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An Olympic dream come true

Rick Hunt
Rick Hunt, who coordinates the teaching labs for the Department of Biomedical and Molecular Sciences at Queen’s, will be taking part in the Olympic Winter Games in Pyeongchang, South Korea, as a referee for long-track speed skating. (University Communications)

Rick Hunt’s resume as a long-track speed skating referee is impressive. He has officiated at seven World Championships and 11 World Cup events.

That resume, however, is about to get even better as he will soon be officiating at the biggest competition of them all – the Winter Olympics.

Mr. Hunt, who coordinates the teaching labs for the Department of Biomedical and Molecular Sciences at Queen’s, will soon be heading to Pyeongchang, South Korea, where the XXIII Olympic Winter Games will be hosted Feb. 9-25.

It’s the highlight of his career, he says, but when he received the invite back in November, he kept it a secret – even from his wife. He just wanted to be sure, he explains. That same day he had been told that he would be the chief referee for the final World Cup race before the Olympics as well as the World Junior Championships that will follow the Winter Games.

It all seemed a bit much, and there is that friend who is a bit of a prankster.

“I just wanted to make sure it was authentic,” he says with a smile.

But, as he soon found out, it was all true.

Now, the magnitude of what lies ahead has sunk in.

“It took a while. It took a couple of weeks for me to realize,” he says. “Everybody else was excited for me and I guess I might have been in a mild state of shock. I had so many things going on that it really didn’t hit me until two or three weeks afterward, what was going to happen. It’s only been since Christmas and refereeing the Canadian Olympic Trials that it has hit me – I’m going to be refereeing where these athletes going to be competing. And now I am excited.”

This delayed reaction also has something to do with Mr. Hunt’s nature. He’s laid back, easy-going, not one to be flustered easily. He’s also meticulously organized, pays attention to the fine details and believes that being a professional at all times is of the utmost importance. It all makes for an excellent referee for speed skating. This has been instilled from the very beginning of his career by his mentor Guy Chenard – always run every competition like it is the Olympics.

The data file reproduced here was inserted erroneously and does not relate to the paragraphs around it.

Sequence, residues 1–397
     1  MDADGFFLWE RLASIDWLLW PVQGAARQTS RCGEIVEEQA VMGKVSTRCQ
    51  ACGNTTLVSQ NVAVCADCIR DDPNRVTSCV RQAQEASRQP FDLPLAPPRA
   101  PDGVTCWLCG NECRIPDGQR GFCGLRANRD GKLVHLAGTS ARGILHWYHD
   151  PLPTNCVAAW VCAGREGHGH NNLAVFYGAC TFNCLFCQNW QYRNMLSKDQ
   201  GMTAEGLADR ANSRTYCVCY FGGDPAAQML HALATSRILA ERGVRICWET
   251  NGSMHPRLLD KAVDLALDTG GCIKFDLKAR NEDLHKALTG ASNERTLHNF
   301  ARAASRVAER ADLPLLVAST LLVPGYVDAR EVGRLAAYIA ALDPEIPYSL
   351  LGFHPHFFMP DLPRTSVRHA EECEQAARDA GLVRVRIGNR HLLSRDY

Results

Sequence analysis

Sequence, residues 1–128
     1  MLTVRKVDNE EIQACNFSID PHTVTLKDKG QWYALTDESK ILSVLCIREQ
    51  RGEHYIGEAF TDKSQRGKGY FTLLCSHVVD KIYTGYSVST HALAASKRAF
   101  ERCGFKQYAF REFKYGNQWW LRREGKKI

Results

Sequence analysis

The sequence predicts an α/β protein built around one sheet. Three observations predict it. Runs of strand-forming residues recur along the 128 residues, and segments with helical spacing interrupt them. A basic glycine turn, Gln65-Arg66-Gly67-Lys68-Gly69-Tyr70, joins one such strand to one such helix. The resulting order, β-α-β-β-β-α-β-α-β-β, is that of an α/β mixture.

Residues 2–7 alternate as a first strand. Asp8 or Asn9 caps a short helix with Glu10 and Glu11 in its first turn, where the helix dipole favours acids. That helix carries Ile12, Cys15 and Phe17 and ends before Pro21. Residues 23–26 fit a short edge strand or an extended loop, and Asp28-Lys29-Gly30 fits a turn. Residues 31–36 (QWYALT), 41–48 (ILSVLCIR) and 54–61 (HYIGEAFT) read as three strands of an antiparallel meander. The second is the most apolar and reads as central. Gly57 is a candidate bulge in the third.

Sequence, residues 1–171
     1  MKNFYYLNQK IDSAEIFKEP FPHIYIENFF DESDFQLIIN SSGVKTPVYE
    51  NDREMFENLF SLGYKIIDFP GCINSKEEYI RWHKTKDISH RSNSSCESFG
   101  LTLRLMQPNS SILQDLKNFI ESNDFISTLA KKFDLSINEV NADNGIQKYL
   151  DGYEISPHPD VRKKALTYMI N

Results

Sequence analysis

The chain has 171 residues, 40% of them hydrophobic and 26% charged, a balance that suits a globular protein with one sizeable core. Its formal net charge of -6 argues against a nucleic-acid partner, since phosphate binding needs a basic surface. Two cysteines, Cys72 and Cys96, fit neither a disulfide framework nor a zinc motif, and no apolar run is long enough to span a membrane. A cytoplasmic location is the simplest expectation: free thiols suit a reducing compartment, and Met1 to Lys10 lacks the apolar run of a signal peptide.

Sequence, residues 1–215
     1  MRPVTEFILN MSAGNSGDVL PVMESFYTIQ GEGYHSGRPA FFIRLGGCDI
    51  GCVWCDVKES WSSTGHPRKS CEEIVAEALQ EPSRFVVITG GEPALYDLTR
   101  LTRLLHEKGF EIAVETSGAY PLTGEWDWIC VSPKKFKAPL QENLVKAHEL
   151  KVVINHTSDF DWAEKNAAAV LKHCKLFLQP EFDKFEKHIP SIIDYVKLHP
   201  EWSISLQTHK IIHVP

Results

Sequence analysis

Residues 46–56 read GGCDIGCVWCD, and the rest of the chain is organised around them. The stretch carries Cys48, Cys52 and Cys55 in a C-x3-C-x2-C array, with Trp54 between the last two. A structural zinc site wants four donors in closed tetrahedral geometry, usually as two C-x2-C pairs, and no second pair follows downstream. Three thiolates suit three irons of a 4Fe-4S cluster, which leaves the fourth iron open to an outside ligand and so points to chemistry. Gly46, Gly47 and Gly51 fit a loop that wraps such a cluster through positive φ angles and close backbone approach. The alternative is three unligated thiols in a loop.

The role of the referee is similar to that of a tournament convener in many other sports, he explains. Creating schedules and pairings, making sure the races are conducted in a fair and timely manner. He also must handle any complaints from team officials. This sometimes can be heated, but, once again, Mr. Hunt’s personality is a perfect fit.

“You can stand there, scream and holler at me all you want. Then it’s ‘OK you said your piece, I agree with you. There’s nothing I can do. That’s the way the rules are written but if you can get them changed, I’ll help you out with it,’” he says. “I’m not intimidated by anyone and I’m not offended by a passionate coach saying their piece about what they think really happened and their side of things. It’s their job to stick up for their skaters.”

Mr. Hunt first became involved in speed skating about 25 years ago when one of his sons wanted to see the provincial short-track championships being hosted in Kingston at the time. Both his sons were hooked and he along with them.

As the boys grew, long track became a better fit. He was competing as well and at one event he offered to help a referee who was working on his own. He found that he enjoyed it more than skating. His career then “evolved” from there, climbing the ladder until, now, he will be officiating at the pinnacle of all sport.

Laid back he may be, but he knows that when he enters the rink and his dream becomes a reality, the moment will have a profound effect.

“When I walk up the stairs onto the infield I guarantee there will be tears in my eyes,” he says. “I am a very emotional person that way.”

There has also been some extra good news recently as his wife, Audrey Hunt, the Departmental and Financial Administrator for the Department of Emergency Medicine, has been accepted as a volunteer at Canada House at the Pyeongchang Olympics.